And then, on side B of the first disc, the eerie, disturbing and exciting Walrus. This was Lennon at his finest, absurdly ahead of his time, lyrically and musically.

Up until then, my world had been in black and white. Undoubtedly the psychedelic cover of Magical Mystery Tour and its contrast with the monotone Peckham High Street had something to do with it, but this was the day the colour was switched on and that's pretty much all you need to know about The Beatles.

When I went back to school the following term I almost fell out of my chair in an English class while we were listening to a recording of Shakespeare's King Lear and I suddenly recognised lines from the recording - "If ever thou wilt thrive, bury my body..." and "Sit you down, father; rest you" - which had been stitched into the fabric of the tumultuous fadeout at the end of I Am the Walrus.

It hadn't been Lennon's intention, I am certain, but this was my first lesson in understanding that art wasn't a series of sealed containers, marked "Music", "Literature", "Painting" and so on, but a great big riotously disorganised play-box in which everything was gloriously entwined.

And how Lennon would have laughed at that. There wasn't, in fact, much you could say about Lennon that he wouldn't have thrown back in your face if he'd been given the chance. He was, as McCartney told Davies after Lennon's death, "the great debunker. He'd be debunking all his death thing now."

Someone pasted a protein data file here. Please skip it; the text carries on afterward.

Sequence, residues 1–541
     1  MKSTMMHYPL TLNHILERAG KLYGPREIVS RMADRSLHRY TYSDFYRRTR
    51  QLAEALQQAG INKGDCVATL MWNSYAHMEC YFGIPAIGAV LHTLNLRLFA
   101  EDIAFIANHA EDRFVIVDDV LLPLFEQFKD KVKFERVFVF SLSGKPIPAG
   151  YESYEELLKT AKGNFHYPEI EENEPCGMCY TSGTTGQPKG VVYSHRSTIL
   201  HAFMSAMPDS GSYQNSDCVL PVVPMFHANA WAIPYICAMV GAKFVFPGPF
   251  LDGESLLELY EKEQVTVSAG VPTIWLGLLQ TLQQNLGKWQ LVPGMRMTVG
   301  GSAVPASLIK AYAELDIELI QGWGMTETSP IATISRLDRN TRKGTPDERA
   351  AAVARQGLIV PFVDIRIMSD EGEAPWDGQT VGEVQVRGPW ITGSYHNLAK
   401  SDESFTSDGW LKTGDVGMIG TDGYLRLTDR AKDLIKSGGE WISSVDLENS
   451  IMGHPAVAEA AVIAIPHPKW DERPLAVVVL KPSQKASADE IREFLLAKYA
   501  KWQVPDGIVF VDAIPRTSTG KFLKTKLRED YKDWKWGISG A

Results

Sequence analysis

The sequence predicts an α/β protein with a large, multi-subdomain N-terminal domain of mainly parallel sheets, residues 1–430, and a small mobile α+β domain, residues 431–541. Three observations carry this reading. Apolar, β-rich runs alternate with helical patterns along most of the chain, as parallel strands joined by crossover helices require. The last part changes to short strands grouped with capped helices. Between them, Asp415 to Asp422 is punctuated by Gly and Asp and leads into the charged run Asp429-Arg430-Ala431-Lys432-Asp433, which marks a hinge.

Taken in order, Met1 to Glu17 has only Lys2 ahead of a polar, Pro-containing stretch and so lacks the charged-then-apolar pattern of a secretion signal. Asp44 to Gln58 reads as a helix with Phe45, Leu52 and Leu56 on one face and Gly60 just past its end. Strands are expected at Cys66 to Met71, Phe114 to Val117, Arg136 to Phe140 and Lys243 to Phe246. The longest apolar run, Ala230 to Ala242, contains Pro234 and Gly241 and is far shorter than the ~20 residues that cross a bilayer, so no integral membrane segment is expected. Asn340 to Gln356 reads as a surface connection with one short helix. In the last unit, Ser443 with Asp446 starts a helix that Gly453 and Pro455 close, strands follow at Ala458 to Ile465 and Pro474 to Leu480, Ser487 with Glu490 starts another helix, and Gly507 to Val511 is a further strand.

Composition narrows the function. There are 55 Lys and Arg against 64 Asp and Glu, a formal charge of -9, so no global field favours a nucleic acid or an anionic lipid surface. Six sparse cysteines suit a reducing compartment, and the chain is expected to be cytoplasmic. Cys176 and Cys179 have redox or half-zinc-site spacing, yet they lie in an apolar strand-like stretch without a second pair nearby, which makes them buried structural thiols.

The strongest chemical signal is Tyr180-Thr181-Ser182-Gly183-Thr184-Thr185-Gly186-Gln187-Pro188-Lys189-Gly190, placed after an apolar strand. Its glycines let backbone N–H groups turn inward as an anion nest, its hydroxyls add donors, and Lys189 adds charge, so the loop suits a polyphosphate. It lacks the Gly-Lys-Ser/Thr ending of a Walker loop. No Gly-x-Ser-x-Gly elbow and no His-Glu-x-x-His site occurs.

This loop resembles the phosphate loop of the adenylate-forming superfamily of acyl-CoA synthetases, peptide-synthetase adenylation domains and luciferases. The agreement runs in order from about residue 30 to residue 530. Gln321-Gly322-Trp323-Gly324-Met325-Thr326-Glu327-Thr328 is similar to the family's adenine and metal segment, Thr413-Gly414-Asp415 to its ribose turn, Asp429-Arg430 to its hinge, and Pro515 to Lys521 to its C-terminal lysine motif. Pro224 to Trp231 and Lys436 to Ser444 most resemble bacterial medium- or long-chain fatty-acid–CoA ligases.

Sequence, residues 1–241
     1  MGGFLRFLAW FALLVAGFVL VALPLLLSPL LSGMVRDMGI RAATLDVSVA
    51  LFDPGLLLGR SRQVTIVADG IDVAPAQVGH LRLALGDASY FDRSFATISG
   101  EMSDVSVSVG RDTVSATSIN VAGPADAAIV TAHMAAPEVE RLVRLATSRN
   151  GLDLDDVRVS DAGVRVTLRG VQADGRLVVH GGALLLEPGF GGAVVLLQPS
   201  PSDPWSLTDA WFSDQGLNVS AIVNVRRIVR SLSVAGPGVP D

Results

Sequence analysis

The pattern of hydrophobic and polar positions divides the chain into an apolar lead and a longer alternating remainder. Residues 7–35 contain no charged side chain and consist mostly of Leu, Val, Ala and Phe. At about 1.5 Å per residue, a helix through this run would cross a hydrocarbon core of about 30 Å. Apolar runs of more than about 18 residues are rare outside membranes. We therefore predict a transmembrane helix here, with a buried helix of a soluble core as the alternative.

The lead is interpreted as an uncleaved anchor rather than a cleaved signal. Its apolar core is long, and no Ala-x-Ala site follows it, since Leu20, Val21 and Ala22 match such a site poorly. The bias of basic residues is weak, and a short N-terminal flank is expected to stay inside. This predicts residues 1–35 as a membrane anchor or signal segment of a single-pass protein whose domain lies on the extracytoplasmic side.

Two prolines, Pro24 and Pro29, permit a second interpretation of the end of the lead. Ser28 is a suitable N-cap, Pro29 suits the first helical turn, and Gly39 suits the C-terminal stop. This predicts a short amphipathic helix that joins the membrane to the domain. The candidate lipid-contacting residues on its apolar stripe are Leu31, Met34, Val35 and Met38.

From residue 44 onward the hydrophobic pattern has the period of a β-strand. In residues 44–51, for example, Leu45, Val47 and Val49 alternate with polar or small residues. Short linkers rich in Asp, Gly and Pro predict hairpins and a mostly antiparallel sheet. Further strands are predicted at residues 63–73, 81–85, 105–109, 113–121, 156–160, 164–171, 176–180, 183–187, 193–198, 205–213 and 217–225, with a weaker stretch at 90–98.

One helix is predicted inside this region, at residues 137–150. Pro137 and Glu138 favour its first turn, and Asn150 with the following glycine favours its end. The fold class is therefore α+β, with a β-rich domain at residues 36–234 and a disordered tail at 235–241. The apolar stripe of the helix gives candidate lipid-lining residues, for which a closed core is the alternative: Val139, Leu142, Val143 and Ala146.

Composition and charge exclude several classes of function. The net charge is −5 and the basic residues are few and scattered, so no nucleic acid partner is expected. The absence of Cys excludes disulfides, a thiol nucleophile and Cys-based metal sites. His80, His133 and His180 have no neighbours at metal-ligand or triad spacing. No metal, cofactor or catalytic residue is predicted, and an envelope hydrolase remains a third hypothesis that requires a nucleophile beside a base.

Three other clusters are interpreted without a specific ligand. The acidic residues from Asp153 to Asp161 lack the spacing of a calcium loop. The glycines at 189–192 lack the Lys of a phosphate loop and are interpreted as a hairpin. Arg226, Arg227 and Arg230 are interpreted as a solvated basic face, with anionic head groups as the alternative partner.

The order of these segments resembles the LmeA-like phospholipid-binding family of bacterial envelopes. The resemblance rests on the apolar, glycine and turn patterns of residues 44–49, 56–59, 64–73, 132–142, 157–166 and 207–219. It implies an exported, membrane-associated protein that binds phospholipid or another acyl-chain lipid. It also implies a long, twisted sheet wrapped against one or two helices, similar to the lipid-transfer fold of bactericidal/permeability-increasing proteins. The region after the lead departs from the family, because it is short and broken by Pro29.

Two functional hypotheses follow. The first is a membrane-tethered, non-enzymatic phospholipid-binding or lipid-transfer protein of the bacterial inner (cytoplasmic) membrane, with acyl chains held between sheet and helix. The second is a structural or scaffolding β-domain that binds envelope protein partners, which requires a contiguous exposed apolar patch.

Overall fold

McCartney, stung by reported criticism of himself by Yoko Ono in the coverage after Lennon's death, did a spot of debunking of his own. Lennon, he fumed, "could be a manoeuvring swine, which no one ever realised. Now, since his death, he's become Martin Luther Lennon."

Thirty years on, all the dust has settled, all the court cases over who owned what have ended and all that's left is the music - triumphantly, finally, finding its place only last month on iTunes, where hopefully another generation will find it.

The Beatles developed rapidly and dragged recording techniques with them, despite the limitations of contemporary technology. Their first two albums were recorded virtually live on two-track tape machines. By the end of their career they had the luxury of eight tracks to play with but Sergeant Pepper was recorded on only four, in contrast to the virtually limitless digital possibilities open to today's Garage Band generation.

The initial look - the suits and haircuts - may have been manufactured by their manager, Brian Epstein, but this was no boy band, forged under TV lights for a Saturday night "reality" show. Before they put a note on tape The Beatles had been playing gigs together for six years, honing their craft in Hamburg and Liverpool.

Of course, at first they had been pretty unexceptional, echoing what they heard around them - the first single they wrote themselves, the simple Love Me Do, released in October 1962, had a strong whiff of the Everly Brothers about it - but they quickly emerged from the primordial pop soup, finding their musical legs and evolving into an entirely new species.

There were just two and a half years between their debut album, Please Please Me, released in March 1963, and Rubber Soul in 1965, and in that time The Beatles refined themselves and reinvented popular music; it was as simple as that.